As I wrote already, you move to a rental and rent out your space of your property and set the rent at a price that pays for the property and at least part of the rent of where you have moved to. Now you are in a new spot, still own the old spot and you are not paying very much for the rent of the new spot.
I think my idea can actually work. At least its better than his.
I agree with The Secret Conductor.
Also, I agree with Mr. Gioia in spirit- it’s a good idea to decentralize the city by creating local downtowns/commercial areas. That way, more people can live close to work (or deal with the potentially nightmarish scenario of using public transit to get to work when it’s not located in Manhattan. But that’s a different story). Also, it would help Manhattan’s overinflated real estate prices come down, reduce overcrowding in Manhattan’s transit choke points, and revitalize neighborhoods.
But Mr. Gioia is way off on selling property to make up a budget shortfall. That just doesn’t make sense.
The MTA administers services to Westchester, Nassau, Suffolk, Rockland, etc., so it makes sense that its HQ would be located near Grand Central. You’d think Gioia would have just a little shame in making such a stupid and self-serving declaration.
On the contrary, it’s a bad idea to decentralize the city. Mass transit systems are inherently centralized, because for cost reasons they can only serve the most popular routes. It’s possible to have some decent suburb-to-suburb travel using through-routing of commuter rail and circumferential lines, but even then the train can’t compete with the car on speed.
To see how this works, suppose that a new downtown gets developed around Jamaica Station. If you live in Queens, Long Island, or the parts of Manhattan and Brooklyn that are reasonably close to Penn Station or Flatbush Terminal, you can get there with trains. Otherwise, you have to use a car or else the trip will take more than an hour and a half.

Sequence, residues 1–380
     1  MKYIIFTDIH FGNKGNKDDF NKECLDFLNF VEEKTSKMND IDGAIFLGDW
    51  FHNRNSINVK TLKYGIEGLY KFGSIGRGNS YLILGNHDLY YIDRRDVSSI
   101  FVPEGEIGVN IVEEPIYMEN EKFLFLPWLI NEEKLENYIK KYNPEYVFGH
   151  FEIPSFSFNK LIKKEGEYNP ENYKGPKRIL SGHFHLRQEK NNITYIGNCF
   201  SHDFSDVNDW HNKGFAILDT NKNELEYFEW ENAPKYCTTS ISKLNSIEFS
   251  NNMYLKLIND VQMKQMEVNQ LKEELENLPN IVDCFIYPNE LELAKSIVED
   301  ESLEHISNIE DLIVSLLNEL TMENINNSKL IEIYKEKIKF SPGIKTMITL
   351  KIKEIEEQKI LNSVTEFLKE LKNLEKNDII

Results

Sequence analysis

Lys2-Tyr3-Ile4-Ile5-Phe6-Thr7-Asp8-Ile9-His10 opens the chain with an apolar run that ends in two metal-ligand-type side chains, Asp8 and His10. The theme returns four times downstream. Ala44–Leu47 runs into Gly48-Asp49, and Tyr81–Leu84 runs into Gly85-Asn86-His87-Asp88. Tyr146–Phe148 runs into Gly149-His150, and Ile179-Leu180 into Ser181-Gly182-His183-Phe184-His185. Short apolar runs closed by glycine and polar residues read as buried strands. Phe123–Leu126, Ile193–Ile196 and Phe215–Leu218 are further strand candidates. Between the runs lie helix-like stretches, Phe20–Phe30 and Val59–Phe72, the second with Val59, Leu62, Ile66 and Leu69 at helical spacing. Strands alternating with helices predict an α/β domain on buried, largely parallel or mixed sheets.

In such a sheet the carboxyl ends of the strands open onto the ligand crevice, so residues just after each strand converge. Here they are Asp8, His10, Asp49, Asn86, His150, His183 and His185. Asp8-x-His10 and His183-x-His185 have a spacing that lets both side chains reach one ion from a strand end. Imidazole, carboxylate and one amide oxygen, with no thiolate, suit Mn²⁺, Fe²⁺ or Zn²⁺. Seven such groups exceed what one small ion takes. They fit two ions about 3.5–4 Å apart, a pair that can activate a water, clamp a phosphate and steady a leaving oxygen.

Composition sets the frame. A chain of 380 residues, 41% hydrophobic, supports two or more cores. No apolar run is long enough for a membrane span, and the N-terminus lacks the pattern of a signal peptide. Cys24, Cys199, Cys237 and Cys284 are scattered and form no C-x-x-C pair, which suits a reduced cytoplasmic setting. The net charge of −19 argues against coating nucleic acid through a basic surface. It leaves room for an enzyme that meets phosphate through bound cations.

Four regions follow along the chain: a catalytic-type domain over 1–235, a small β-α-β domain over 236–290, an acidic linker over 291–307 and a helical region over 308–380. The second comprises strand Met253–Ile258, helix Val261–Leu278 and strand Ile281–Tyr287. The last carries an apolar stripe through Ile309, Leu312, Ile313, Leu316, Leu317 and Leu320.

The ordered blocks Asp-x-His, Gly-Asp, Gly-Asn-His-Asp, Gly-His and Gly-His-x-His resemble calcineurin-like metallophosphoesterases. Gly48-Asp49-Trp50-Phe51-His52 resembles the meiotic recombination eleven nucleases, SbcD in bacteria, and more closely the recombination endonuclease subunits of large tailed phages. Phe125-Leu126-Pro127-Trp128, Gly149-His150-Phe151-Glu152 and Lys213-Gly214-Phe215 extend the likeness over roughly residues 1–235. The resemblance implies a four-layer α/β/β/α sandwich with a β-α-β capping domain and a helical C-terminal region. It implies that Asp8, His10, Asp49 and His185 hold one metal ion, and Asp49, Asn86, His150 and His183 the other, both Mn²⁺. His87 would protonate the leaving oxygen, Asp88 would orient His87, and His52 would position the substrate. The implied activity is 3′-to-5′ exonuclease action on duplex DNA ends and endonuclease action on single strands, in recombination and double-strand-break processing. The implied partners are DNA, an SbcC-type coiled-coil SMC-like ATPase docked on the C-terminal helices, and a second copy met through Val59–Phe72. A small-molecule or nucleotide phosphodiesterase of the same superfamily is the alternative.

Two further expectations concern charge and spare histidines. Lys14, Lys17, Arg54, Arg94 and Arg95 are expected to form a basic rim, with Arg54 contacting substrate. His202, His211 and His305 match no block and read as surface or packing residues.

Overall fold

People can’t just decide to live close to where they work. They change jobs too often. They sometimes live with people who work elsewhere. I work at Columbia; my girlfriend works at Cornell Medical Center. The only parts of the city from which you can get to both on the subway in under half an hour are Midtown and the Village, neither of which is affordable.
What makes this all the much worse is that he represents me (and I VOTED for him???) !!!!!
These several downtowns would still be dense enough to have public transit make sense. Although, building a few more subway lines wouldn’t hurt either. But some changes would be easy to make. Here on Staten Island, for example, some people are clamoring for an express bus to downtown Brooklyn. It’s an area with quite a few office buildings but as much or less public transit as the typical Manhattan residential neighborhood.
Downtown Brooklyn is actually a good example of a place that can at best function as a secondary downtown. It has good transit connections to Manhattan and the rest of Brooklyn, and could have good transit connections to Queens and Staten Island. However, it doesn’t connect well to the Bronx, to say nothing of New Jersey. The one transit line it does get from Queens, the G, is perenially underused.
In contrast, look at Midtown, which began as a secondary downtown to Lower Manhattan and became the primary downtown. At the time it developed, the most populous bedroom communities were in Uptown Manhattan, from which Midtown was very accessible by subway or el. The boomburbs in Queens and the Bronx were likewise closer to Midtown. Even Brooklyn, the source of the second highest number of commuters, was reasonably close by subway. New Jersey is situated in such a way that it made sense to send the Hudson Tubes both downtown and uptown.